Thursday, October 11, 2012

Microsoft about to build branded phones and tablets to save money

Microsoft is about to make a fundamental shift in it`s branding strategy. As we all know in the past Microsoft has been content primarily selling licenses to its products to OEMs. But according to industry insider Eldar Murtazin that`s about to change, and drastically.

Siting Eldar Murtazin, Microsoft’s royalty fees from licensing the Windows Phone OS to manufacturers like Nokia, HTC and Samsung are essentially being given back to these companies in the form of marketing dollars. In Nokia’s case, this is a matter of public record, this according the company’s 2011 annual report:

"We are paying Microsoft a software royalty fee to license the Windows Phone smartphone platform, which we record as royalty expense in our Smart Devices cost of goods sold. We have a competitive software royalty structure, which includes annual minimum software royalty commitments and reflects the large volumes that we expect to ship, as well as a variety of other considerations related to engineering work to which both companies are committed. We expect that the adoption of Windows Phone will enable us to reduce significantly our operating expenses. For example, the Microsoft partnership allows us to eliminate certain research and development investments, particularly in operating systems and services, which we expect will result in lower overall research and development expenditure over the longer-term for our Devices & Services business.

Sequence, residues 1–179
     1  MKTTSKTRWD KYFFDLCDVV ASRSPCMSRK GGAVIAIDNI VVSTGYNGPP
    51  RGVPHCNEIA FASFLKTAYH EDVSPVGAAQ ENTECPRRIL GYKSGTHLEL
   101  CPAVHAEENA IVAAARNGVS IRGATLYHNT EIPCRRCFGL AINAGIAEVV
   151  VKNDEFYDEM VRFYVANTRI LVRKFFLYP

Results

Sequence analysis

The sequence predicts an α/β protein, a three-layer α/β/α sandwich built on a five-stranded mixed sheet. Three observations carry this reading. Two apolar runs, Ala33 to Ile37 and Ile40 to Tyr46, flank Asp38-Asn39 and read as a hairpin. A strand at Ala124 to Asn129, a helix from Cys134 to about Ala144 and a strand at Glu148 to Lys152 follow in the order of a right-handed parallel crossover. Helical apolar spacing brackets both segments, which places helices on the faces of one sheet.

In recognition of the contributions that we are providing, we will receive quarterly platform support payments from Microsoft. In the fourth quarter of 2011, we received the first quarterly payment of USD 250 million (approximately EUR 180 million). We have started to recognize a portion of the platform support payments as a benefit to our Smart Devices cost of goods sold. The total amount of the platform support payments is expected to slightly exceed the total amount of the minimum software royalty commitments."

interesting times for Microsoft indeed, I think this will be a rough road for them to travel, this new strategy could save them mountains of money or it could backfire miserably

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